|Name Hajjaj al-Ajmi|
Hajjaj bin Fahd al-Ajmi (Arabic: حجاج بن فهد العجمي, born c. 1988) is a Kuwaiti-born Salafi sheikh who has been accused to be active in fundraising for Islamist rebels in the Syrian Civil War. The U.S. government and United Nations accuse Ajmi of backing the Jabhat al-Nusra, an affiliate of al Qaeda.
Ajmi is descended from a wealthy Kuwaiti family who earned money from the oil and construction industries.
Since 2012, al-Ajmi has appeared on numerous sanctions lists including the U.S., EU, UN, Hong Kong, Israel, Switzerland, Australia, and Canada for his noteworthy role in fundraising efforts and material support for terrorist groups. He frequently travelled between Kuwait and Syria to deliver money to al-Nusra Front. In early 2014, he offered significant funds to al-Nusra Front to lead a battle in Homs, Syria. Despite being designated as a global terrorist on several sanctions list, al-Ajmi has contested these claims stating that he has never supported terrorism.
He successfully launched numerous social media campaigns aimed at raising funds for al-Nusra Front, his primary beneficiary. These campaigns were both successful and aggressive at raising funds and serving as a donations channel for terrorism facilitators in Syria. This was rumored to be exchanged for leadership positions of al-Nusra Front to be granted to Kuwaitis. Al-Ajmi was considered one of the most active Kuwaiti fundraisers for the terrorist group.
He was extremely adept in using social media for the terrorist group’s financial strategy. He initially used his own twitter account to plead for donations to Syrian rebels in a series of urgent messages referencing his 250,000 followers to a phone number for donations. He set up a Twitter account in June 2012 entitled Popular Commission in Support of the Syrian Revolution. This Twitter handle worked as a means for soliciting hundreds of thousands of dollars of donations in one years’ time, aimed at purchasing arms for groups in Gaza, Yemen, and Syria. By mid-2013, he was able to set up another fundraising campaign called the Mobilization of the People of Qatar Campaign for the Levant, which was active until August 2014 when he became a U.S. specially designated global terrorist. Following the designation his Twitter account became suspended, but just two days after his original account was deleted, he created a new account, and even more popular was his Instagram account. His Instagram account was followed by 1.3 million accounts and was used as a tool to spread al-Qaeda and al-Nusra propaganda, as well as a source of income after his assets were frozen from being sanctioned. He told his Instagram followers that he was selling customized posts to sponsors and local business as a way to earn money. Instead of carrying sponsored ads that are purchased through Facebook, the owner of Instagram, al-Ajmi was creating his own ads outside of the company’s system, without sponsor labels, and receiving payment from sponsors directly and displaying his email address enticing opportunities for “partnership and advertising.” On his new twitter page, he posted, “Will continue supporting Islam and its people, and praise will be to Allah always. And only believers believe all what happens to them is for their own good.”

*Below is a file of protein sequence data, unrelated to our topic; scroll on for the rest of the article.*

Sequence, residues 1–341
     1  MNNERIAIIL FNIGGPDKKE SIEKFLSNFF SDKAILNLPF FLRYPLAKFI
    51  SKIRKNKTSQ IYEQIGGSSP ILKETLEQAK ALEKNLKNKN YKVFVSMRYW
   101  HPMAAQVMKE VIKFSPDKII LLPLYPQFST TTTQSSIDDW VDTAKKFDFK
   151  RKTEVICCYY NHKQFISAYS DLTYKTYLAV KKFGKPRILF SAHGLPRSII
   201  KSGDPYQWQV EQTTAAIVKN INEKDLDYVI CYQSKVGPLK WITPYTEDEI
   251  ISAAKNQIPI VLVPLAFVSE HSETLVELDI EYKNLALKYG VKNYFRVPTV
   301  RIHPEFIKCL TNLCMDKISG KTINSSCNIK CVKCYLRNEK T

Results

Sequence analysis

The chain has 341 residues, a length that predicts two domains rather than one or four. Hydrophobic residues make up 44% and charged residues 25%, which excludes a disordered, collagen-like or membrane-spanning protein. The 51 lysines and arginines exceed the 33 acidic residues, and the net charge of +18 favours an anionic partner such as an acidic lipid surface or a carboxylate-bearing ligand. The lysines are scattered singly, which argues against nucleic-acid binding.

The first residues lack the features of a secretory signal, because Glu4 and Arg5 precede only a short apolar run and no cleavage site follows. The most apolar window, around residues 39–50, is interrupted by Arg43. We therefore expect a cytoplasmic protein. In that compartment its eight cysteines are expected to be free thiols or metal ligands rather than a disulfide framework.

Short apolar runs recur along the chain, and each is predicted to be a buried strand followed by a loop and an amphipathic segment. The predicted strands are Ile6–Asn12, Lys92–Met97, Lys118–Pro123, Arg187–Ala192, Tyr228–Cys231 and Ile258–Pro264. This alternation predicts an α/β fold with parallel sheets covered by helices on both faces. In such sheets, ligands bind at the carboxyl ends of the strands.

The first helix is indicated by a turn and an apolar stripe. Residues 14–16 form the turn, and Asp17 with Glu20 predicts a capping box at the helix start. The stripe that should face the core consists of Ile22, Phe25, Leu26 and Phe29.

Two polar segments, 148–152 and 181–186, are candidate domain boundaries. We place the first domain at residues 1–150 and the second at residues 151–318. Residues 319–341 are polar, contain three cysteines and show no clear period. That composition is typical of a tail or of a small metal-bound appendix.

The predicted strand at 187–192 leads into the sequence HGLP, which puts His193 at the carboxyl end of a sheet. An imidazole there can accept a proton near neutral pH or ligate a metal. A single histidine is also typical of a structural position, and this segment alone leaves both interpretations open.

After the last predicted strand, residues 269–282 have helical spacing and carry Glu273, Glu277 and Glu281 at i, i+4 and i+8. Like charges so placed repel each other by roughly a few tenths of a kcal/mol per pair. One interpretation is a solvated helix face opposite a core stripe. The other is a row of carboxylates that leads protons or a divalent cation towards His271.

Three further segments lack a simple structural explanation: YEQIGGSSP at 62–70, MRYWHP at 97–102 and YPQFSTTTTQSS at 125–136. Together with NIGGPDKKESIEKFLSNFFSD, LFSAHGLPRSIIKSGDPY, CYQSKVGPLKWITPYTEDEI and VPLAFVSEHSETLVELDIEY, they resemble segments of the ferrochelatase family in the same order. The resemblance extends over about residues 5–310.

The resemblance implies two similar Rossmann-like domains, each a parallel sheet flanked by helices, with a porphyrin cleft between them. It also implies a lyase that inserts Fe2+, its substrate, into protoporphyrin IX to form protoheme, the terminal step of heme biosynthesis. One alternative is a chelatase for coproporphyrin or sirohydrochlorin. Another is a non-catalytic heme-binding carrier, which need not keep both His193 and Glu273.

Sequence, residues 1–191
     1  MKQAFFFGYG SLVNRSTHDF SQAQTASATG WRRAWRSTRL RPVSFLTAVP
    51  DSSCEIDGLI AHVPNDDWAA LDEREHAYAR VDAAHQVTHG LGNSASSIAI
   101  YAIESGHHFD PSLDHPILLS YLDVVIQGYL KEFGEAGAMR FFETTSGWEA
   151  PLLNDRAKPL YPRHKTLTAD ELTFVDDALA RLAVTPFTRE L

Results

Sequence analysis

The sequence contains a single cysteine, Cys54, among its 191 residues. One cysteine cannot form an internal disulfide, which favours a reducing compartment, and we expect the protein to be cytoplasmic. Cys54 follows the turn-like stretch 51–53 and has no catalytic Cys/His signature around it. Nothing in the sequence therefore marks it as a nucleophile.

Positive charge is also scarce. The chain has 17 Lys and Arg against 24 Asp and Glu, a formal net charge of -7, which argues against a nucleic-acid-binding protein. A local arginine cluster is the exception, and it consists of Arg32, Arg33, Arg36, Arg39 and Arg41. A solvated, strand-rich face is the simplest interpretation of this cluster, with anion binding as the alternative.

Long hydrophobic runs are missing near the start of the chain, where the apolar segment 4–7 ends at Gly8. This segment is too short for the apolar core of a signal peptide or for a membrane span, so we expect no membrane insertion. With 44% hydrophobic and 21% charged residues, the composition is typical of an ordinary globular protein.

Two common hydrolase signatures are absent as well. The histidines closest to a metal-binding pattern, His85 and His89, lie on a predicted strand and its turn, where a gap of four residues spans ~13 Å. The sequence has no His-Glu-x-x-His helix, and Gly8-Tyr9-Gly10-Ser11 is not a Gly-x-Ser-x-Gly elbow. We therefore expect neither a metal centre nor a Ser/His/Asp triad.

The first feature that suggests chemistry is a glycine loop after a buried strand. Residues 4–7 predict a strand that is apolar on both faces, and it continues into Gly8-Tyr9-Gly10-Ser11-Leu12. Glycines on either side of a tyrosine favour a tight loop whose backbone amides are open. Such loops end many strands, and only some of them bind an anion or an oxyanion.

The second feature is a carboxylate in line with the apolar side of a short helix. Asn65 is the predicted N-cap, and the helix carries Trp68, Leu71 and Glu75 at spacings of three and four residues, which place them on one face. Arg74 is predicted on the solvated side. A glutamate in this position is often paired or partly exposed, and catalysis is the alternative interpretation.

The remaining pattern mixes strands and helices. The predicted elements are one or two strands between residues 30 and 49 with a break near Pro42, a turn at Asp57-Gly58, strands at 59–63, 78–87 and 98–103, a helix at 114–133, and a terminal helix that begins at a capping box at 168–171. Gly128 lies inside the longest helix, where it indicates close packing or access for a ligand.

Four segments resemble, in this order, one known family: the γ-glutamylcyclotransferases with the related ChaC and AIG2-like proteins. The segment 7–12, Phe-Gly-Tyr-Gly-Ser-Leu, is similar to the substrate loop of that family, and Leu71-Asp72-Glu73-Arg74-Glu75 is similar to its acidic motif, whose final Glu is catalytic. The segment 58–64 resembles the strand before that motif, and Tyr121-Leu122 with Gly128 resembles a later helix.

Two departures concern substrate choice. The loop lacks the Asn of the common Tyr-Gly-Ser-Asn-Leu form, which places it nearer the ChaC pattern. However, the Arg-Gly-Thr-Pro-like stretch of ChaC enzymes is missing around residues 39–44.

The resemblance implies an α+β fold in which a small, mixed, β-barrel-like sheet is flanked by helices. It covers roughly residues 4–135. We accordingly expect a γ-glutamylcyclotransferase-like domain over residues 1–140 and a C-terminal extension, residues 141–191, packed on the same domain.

In July 2014, al-Ajmi publicly admitted that he collected and delivered money to Al Nusra Front under the guise of charity, as well as admitting that he purchased and smuggled arms on behalf of the terrorist group. In relation to his terror financing suspicions, Kuwaiti authorities arrested and detained him at the Kuwait airport upon his arrival from Qatar in August 2014. He was released just a day later despite his standing on numerous sanctions list.
A 2016 lawsuit filed against al-Ajmi by the California-based NGO that assists Middle East refugees called St. Francis of Assisi, drew headlines for being the first U.S. lawsuit served to a person via Twitter. The allegations were made for funding Christian genocide in Iraq and Syria, the Assyrians. The lawsuit defending Assyrians that have been systematically killed and displaced was against al-Ajmi, as well as Kuveyt-Turk Participation Bank, Inc. and Kuwait Finance House, two banks that he used to funnel money to the al-Nusra Front, for financing a group that killed, injured, and maimed civilians, even within the U.S. defending Assyrians that were systematically killed and displaced. The NGO was seeking compensation at a San Francisco Federal Court against al-Ajmi, who was difficult to reach, on behalf of hundreds of thousands of Assyrian Christians owning property in Syria and Iraq. Judge Laurel Beeler discovered al-Ajmi’s active Twitter account, and allowed Twitter to be used to satisfy the service of process requirement to move along the case, considering it was the method of service most likely to reach him. St. Francis of Assisi was given permission to tweet a summons and a complaint to al-Ajmi, in which the documents were stored on MediaFire, a file-sharing service. This request came after a month of attempts to serve him, and a Kuwaiti government rejection of the process. During this period, al-Ajmi had been tweeting hourly, sharing videos with his bank account details asking followers for money. Shortly after his service, al-Ajmi retweeted a message regarding the notice to rally his followers against the non-profit, and his twitter account was deactivated shortly after. This case was the first to approve serving a foreign defendant via social media.